Many of the rare plants and animals found in the Roan Highlands including Gray’s Lily, spruce-fir moss spider, endemic snails and rare salamanders could be eaten by feral hogs. Eggs and young of the golden-winged warbler, Henslow’s sparrow, ruffed grouse, wild turkey, and other ground nesting birds would also serve as a food source. Other rare species, including Carolina flying squirrels may indirectly suffer from competition by hogs for their preferred foods including truffles and insects. In addition to direct predation and competition with rare species, invasive hogs can cause significant physical damage to seeps and springs, grassy balds, and other sensitive habitats.
Invasive hogs are a source of disease for both domestic livestock and humans. They carry and can transmit to livestock: pseudorabies Virus (PRV), swine brucellosis (Brucella suis), bovine tuberculosis (TB), FADs, African swine fever, Classical swine fever (Hog Cholera), and Foot and Mouth Disease. They may also carry and can transmit to humans: leptospirosis, brucellosis, E. coli, salmonellosis, toxoplasmosis, rabies, swine influenza viruses, trichinosis giardiasis, and cryptosporidiosis.
What can we do?
Invasive hogs can be especially aggressive when defending their young.
Unlike other large-scale environmental problems, we can eliminate (or at least greatly reduce) feral hog populations from our landscape with successful trapping and removal programs. For example, hog eradication has been very successful in Kansas – the latest reports indicate that numbers are below 400 individuals statewide. The success of the Kansas program was due to a two pronged approach – the state removed hogs as a “game” animal which made it illegal to hunt them (and thus removed the impetus that hunters had to introduce them into new areas) and then began an aggressive eradication program.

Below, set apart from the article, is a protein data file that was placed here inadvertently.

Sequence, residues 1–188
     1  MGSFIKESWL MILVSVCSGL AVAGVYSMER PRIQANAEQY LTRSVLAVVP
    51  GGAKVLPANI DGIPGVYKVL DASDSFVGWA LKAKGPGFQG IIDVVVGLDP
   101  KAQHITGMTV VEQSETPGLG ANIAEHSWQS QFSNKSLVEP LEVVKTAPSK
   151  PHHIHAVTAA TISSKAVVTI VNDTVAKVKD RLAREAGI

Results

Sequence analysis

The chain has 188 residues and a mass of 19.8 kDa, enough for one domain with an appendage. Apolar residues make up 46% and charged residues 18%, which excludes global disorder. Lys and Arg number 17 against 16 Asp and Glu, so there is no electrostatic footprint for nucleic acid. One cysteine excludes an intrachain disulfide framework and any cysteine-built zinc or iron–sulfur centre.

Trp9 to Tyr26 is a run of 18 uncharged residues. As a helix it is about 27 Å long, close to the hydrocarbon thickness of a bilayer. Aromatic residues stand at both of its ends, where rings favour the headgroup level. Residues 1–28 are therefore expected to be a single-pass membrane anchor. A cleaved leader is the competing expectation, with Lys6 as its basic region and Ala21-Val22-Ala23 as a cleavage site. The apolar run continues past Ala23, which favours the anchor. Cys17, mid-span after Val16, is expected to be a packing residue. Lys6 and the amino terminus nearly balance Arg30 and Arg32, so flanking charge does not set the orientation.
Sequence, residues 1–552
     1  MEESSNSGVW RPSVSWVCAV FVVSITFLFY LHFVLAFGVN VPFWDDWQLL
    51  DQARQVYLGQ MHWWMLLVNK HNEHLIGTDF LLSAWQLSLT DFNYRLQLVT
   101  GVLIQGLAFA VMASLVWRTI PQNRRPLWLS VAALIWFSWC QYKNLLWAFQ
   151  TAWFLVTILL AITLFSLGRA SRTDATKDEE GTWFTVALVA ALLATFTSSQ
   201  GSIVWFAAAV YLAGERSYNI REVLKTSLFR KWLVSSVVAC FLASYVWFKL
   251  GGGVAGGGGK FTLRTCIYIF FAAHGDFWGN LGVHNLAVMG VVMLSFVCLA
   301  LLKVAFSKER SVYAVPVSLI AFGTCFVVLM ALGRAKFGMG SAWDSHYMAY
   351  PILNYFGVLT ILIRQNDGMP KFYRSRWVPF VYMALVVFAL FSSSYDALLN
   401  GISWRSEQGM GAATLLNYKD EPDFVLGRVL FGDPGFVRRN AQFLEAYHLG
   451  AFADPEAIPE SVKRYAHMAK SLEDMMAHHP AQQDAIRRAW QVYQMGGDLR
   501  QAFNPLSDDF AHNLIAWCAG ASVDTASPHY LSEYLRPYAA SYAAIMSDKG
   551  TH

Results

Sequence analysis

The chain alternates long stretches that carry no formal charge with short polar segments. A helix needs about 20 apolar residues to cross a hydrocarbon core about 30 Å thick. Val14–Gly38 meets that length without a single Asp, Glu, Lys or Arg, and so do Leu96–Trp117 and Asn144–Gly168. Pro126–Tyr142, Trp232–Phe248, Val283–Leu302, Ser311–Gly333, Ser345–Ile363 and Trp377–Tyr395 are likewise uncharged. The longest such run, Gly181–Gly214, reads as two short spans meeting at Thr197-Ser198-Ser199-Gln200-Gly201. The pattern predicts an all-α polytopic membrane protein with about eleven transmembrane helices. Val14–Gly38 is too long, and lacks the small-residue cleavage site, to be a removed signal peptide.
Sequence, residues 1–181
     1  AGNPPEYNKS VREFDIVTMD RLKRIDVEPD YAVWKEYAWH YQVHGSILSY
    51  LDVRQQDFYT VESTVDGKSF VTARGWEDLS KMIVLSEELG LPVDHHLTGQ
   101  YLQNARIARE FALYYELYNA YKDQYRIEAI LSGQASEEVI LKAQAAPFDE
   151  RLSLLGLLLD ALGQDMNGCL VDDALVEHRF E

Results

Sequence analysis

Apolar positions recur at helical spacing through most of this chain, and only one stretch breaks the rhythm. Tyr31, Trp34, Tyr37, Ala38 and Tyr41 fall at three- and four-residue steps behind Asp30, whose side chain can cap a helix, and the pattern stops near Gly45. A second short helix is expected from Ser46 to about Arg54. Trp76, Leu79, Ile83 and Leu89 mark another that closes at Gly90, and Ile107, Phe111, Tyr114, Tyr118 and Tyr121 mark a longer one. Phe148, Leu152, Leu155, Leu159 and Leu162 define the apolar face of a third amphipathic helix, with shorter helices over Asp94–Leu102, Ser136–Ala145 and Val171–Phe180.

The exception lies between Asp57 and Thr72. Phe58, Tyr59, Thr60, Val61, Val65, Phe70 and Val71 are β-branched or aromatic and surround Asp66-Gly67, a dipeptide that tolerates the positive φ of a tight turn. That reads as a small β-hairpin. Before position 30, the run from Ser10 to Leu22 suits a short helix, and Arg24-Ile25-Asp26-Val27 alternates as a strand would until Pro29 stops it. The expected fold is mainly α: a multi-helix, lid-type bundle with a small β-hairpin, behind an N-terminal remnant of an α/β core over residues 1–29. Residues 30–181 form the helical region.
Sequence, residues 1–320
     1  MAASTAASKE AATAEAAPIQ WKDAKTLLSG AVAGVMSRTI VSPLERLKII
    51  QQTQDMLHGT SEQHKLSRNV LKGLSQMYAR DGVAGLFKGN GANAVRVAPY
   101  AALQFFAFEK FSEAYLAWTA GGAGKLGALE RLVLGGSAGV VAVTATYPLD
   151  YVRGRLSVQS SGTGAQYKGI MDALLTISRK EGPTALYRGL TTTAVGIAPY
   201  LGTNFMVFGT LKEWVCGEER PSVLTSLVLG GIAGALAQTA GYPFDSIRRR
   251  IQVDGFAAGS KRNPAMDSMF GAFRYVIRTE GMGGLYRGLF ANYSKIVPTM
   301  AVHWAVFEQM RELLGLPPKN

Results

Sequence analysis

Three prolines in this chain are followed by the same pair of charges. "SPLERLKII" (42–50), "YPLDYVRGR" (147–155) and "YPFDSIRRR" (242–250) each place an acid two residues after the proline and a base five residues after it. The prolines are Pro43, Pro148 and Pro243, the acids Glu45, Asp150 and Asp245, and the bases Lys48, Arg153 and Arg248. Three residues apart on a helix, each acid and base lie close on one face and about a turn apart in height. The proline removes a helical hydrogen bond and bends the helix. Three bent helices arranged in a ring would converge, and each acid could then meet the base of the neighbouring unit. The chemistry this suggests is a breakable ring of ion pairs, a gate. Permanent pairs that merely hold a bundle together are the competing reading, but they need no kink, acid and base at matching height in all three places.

Currently, SAHC and our state, federal, and NGO partners have created a working group to address the problem of invasive hogs in the Roan Highlands. We are currently working to monitor and pinpoint areas of high hog activity, to plan trapping programs, and to educate landowners about the impacts of feral hogs. Hopefully, through a partner and community based effort, we can keep these aggressive animals from destroying our fragile highland ecosystems.
Hiking Safety Tips – What do you do when you see a wild hog?
Invasive hogs can be aggressive, especially when defending their young. They may weigh up to 300 lbs, have sharp tusks, and can charge very quickly.
- Be alert! Know the signs and tracks of hogs and avoid heavily used areas, especially at dusk or dawn when hogs are most active.
- Avoid water sources that have been used by invasive hogs – humans can contract multiple diseases from water sources contaminated by hogs and their feces.
- Hogs will generally try to avoid contact with humans, but may become aggressive if surprised, especially if piglets are present.
- If you encounter a hog on the trail, re-route your hike to avoid them. If a re-route is not possible, keep a safe distance and wait for the hogs to leave before continuing.
- If faced with an aggressive hog, the best option for protecting yourself is to climb the nearest tree.
- If directly charged by a hog, you should quickly sidestep out of the direction of the charge and climb the nearest tree or boulder.
- If using a firearm to protect yourself from a feral hog, ensure that it has enough knock-down power to be effective (otherwise it may be best to avoid the encounter and move to safety instead).